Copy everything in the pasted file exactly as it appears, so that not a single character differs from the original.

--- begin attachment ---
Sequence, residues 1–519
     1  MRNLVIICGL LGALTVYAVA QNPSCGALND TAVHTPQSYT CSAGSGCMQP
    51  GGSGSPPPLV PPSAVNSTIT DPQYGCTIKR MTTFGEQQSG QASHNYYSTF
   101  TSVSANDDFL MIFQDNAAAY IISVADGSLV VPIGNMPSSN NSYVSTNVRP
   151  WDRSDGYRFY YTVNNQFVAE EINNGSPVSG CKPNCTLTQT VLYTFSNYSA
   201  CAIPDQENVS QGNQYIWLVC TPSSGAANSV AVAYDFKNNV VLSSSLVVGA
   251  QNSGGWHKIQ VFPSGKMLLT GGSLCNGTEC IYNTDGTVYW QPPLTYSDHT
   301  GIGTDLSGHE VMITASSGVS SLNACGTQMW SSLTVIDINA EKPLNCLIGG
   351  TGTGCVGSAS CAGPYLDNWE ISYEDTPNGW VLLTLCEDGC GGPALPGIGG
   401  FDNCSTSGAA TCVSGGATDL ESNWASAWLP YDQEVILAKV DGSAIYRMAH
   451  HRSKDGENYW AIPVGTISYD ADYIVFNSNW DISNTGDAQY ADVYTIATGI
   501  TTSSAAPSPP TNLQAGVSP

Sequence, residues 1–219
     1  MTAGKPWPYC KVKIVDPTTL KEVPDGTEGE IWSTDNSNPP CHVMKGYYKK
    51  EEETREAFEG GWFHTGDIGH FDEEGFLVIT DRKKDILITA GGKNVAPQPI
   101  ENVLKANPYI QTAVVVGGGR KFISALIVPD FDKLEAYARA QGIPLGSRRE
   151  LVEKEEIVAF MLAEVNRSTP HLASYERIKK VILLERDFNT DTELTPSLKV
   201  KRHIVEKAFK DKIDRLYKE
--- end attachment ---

Sequence, residues 1–519
     1  MRNLVIICGL LGALTVYAVA QNPSCGALND TAVHTPQSYT CSAGSGCMQP
    51  GGSGSPPPLV PPSAVNSTIT DPQYGCTIKR MTTFGEQQSG QASHNYYSTF
   101  TSVSANDDFL MIFQDNAAAY IISVADGSLV VPIGNMPSSN NSYVSTNVRP
   151  WDRSDGYRFY YTVNNQFVAE EINNGSPVSG CKPNCTLTQT VLYTFSNYSA
   201  CAIPDQENVS QGNQYIWLVC TPSSGAANSV AVAYDFKNNV VLSSSLVVGA
   251  QNSGGWHKIQ VFPSGKMLLT GGSLCNGTEC IYNTDGTVYW QPPLTYSDHT
   301  GIGTDLSGHE VMITASSGVS SLNACGTQMW SSLTVIDINA EKPLNCLIGG
   351  TGTGCVGSAS CAGPYLDNWE ISYEDTPNGW VLLTLCEDGC GGPALPGIGG
   401  FDNCSTSGAA TCVSGGATDL ESNWASAWLP YDQEVILAKV DGSAIYRMAH
   451  HRSKDGENYW AIPVGTISYD ADYIVFNSNW DISNTGDAQY ADVYTIATGI
   501  TTSSAAPSPP TNLQAGVSP

Sequence, residues 1–219
     1  MTAGKPWPYC KVKIVDPTTL KEVPDGTEGE IWSTDNSNPP CHVMKGYYKK
    51  EEETREAFEG GWFHTGDIGH FDEEGFLVIT DRKKDILITA GGKNVAPQPI
   101  ENVLKANPYI QTAVVVGGGR KFISALIVPD FDKLEAYARA QGIPLGSRRE
   151  LVEKEEIVAF MLAEVNRSTP HLASYERIKK VILLERDFNT DTELTPSLKV
   201  KRHIVEKAFK DKIDRLYKE